Homeowners who put money towards 8,000 pool claim they were fooled

Homeowners who put money towards $128,000 pool claim they were fooled

MORRISON, Tenn. (WTVF) — A mid-state family that broke ground on their six-figure pool project in September still doesn’t have a pool they can swim in.

Not only is their pool not finished, the family believes they were also fooled.

At this point and more than $100,000 into the project, they have a pool shell in the ground in their backyard, however, there are major cracks and other concerns with the structure.

“I didn’t do enough homework on them, but what they provided looked very good, and come to find out this was their first pool in this structure,” said the Coffee County homeowner.

The homeowner’s construction contract was with Pools by SJ. According to them, Sandy Jenkins with Pools by SJ agreed to complete the construction of a 20-foot by 48-foot pool within 60 days for $128,790. Apparently, Jenkins also told the homeowners she was a contractor with experience building pools.

According to the database available through the Tennessee Department of Commerce and Insurance, neither turns out to be true.

“I let my guard down,” the homeowner said.

The homeowner asked me not to use his name in my reporting. He’s a bit embarrassed about the situation and his family lives in a small community. I understand.

“Do your homework on contractors. Do your homework on individuals that say they are contractors. Check with the Tennessee Licensing Board. Check with the state contracting boards,” he said.

There’s also another layer to the struggle the family is in.

While Pools by SJ shows up on all the paperwork, from time to time so does Gateway Builders. That is a licensed construction firm. It is owned by Sandy Jenkins’s husband.

The homeowner is working with a lawyer to sort everything out and get his money back.

“We’re just going to trust the legal system to help us rectify this,” the homeowner said.

The homeowners plan to sue Sandy Jenkins for misrepresenting her licensure and capabilities.

In a brief conversation, Sandy Jenkins told NewsChannel 5 she did not misrepresent her credentials.

The state provided us with these tips for consumers who want to do business with contractors.

  • Consumers should remember that Tennessee’s felony theft law covers consumers whenever a contractor takes money and fails to perform work within 90 days. Pursuant to T.C.A. § 39-14-105, consumers may contact local law enforcement and file charges to prosecute the contractor for theft.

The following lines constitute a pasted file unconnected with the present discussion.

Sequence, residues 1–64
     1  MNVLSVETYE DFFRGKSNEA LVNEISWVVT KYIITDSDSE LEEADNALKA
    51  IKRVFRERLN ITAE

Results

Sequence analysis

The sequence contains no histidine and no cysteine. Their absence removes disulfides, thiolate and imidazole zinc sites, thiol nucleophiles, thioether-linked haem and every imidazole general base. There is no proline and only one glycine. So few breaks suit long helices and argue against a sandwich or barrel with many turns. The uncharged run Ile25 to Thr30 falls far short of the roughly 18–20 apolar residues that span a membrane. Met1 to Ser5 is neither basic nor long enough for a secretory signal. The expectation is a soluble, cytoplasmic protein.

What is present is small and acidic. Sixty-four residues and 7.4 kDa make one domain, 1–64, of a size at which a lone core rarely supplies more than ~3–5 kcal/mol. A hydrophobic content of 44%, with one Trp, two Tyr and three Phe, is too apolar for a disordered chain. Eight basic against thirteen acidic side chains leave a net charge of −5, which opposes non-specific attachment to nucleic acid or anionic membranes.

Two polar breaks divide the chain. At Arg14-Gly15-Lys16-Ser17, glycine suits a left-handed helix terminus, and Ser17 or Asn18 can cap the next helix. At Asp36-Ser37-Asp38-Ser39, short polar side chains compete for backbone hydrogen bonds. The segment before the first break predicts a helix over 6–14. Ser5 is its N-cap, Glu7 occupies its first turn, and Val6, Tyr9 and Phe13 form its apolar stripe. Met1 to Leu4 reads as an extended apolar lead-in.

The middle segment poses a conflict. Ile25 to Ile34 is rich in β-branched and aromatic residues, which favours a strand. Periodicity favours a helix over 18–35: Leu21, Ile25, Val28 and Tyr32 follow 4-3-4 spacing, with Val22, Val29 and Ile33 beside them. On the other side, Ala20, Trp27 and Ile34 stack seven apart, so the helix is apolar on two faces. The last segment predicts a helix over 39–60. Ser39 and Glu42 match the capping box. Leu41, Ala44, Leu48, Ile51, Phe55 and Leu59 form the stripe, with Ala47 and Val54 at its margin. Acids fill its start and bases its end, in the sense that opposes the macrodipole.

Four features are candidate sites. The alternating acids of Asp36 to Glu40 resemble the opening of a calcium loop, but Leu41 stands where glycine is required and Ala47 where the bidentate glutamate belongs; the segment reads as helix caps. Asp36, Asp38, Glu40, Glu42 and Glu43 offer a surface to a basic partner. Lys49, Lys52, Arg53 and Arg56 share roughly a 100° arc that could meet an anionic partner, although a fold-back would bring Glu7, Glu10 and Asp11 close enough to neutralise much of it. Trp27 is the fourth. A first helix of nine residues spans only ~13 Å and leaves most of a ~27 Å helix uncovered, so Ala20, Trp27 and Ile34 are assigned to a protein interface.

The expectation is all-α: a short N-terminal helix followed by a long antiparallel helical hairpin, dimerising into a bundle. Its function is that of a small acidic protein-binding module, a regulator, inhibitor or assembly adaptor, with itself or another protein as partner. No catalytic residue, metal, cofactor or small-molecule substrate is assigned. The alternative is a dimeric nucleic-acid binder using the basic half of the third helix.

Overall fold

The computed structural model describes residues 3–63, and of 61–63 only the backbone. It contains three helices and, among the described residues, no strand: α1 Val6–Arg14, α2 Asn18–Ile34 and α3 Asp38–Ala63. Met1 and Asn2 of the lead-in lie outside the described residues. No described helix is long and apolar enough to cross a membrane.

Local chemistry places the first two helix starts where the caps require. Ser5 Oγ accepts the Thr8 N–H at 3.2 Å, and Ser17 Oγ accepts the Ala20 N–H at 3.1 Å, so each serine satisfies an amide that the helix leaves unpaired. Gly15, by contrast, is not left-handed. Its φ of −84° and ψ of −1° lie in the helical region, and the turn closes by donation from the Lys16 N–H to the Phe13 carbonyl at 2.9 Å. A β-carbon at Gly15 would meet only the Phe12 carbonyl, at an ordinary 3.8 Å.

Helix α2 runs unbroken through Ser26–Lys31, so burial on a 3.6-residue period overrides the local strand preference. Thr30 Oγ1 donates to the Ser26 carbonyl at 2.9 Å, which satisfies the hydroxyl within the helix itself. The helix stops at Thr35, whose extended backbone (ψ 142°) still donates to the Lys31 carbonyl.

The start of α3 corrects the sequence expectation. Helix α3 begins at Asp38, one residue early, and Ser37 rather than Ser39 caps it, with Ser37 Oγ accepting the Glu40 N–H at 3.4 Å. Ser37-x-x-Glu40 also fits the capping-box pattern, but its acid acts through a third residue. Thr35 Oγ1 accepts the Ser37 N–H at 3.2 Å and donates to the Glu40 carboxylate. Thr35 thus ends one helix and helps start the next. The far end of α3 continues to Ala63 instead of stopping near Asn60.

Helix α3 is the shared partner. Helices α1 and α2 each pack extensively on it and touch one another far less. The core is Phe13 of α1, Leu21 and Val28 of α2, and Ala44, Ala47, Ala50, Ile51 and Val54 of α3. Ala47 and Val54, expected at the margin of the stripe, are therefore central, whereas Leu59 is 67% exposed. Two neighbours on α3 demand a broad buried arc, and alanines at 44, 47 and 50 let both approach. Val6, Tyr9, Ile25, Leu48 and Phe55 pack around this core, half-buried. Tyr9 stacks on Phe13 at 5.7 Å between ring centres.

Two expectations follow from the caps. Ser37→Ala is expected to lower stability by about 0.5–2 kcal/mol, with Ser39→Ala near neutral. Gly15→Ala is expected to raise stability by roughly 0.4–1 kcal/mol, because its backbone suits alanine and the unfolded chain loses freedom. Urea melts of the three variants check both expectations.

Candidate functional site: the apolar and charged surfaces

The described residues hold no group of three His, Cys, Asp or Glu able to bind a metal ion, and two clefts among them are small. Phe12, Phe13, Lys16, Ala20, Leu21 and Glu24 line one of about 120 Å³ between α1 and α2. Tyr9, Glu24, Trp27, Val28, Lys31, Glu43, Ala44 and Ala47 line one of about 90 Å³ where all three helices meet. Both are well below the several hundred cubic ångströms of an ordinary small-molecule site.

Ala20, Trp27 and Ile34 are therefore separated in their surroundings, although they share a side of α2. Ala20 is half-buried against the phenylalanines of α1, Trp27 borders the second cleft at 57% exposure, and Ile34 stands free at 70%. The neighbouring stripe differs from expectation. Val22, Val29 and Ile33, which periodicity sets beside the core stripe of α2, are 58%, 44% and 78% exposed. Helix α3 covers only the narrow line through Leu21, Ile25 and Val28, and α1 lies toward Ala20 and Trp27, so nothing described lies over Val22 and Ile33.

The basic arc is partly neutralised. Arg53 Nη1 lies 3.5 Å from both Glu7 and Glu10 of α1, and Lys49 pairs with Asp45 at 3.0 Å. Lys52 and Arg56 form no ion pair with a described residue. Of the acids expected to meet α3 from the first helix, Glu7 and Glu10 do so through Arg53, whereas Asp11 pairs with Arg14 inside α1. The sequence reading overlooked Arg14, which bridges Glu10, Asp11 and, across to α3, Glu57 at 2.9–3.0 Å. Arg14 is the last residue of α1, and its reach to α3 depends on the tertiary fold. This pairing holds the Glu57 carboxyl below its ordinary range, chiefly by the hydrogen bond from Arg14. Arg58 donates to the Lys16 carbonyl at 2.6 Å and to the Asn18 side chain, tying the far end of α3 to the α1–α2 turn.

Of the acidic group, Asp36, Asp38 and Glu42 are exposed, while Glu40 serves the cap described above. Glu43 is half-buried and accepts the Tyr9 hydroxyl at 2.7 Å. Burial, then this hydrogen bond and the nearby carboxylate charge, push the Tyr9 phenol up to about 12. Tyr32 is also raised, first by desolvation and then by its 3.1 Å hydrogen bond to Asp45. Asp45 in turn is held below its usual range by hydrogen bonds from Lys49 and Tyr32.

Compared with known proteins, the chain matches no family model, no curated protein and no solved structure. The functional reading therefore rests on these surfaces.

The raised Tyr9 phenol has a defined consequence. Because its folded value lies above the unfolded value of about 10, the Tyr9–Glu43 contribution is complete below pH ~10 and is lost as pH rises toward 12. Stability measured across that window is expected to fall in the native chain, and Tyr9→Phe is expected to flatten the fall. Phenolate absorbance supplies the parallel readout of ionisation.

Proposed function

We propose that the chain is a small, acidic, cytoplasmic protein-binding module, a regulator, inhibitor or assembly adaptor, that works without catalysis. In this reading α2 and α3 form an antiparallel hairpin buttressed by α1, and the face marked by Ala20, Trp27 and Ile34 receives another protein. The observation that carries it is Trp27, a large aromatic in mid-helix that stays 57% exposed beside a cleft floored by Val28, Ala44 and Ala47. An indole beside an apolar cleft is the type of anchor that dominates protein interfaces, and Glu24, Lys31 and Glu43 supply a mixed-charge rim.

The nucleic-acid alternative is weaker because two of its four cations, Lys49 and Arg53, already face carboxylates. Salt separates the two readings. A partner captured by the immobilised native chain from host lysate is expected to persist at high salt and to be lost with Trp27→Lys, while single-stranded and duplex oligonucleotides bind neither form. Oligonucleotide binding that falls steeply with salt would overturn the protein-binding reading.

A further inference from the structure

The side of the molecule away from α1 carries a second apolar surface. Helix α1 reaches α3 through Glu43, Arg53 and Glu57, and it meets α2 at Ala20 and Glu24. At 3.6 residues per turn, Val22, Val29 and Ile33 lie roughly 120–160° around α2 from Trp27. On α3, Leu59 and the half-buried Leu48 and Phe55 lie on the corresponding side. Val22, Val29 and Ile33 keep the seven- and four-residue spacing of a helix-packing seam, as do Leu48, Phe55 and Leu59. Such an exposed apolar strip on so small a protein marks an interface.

• Consumers can check the complaint and disciplinary history of a contractor by contacting the Board for Licensing Contractors by phone at (800) 544-7693 or (615) 741-8307 or emailing our team at [email protected]
  • Before hiring a professional, consumers should first visit TDCI’s Verify licensing database (search.cloud.commerce.tn.gov) in order to verify that the individual is properly licensed to work in Tennessee. The status of a professional’s license, how long the individual or company has been licensed, when their license expires, and additional helpful information can all be found at Verify.
  • In Tennessee, a contractor’s license is required before bidding or price negotiations when the total cost of the project is $25,000 or more.
  • For work less than $25,000, consumers should check with their local government’s  building codes office (mtas.tennessee.edu) to confirm whether a contractor needs a state license or local license to perform home improvement, electrical, plumbing or HVAC work, as well as their permit requirements for inspections.
  • Get several bids and check references before committing to a contractor.
  • Be wary of contractors selling repairs door-to-door, especially when they ask to receive payment upfront or offer deep discounts.
  • Generally, do not pay more than 1/3 of the cost of a project upfront. Make sure you have the terms of payment in writing.

She’s in her 80’s and legally blind. Franklin woman continues to crochet for those in need

“Here’s a great story that proves everyone has something to give, regardless of age OR personal challenges. Our Austin Pollack introduces us to Ms Sylvia Mooney. At age 80, she’s not sitting still. Instead, she using her skills to craft compassion for others… one stitch at a time. Her crochet creations go to non-profits to help our homeless neighbors. You’ll be surprised to learn she does it all, while facing a serious health issue. Bravo Sylvia!”

-Rhori Johnston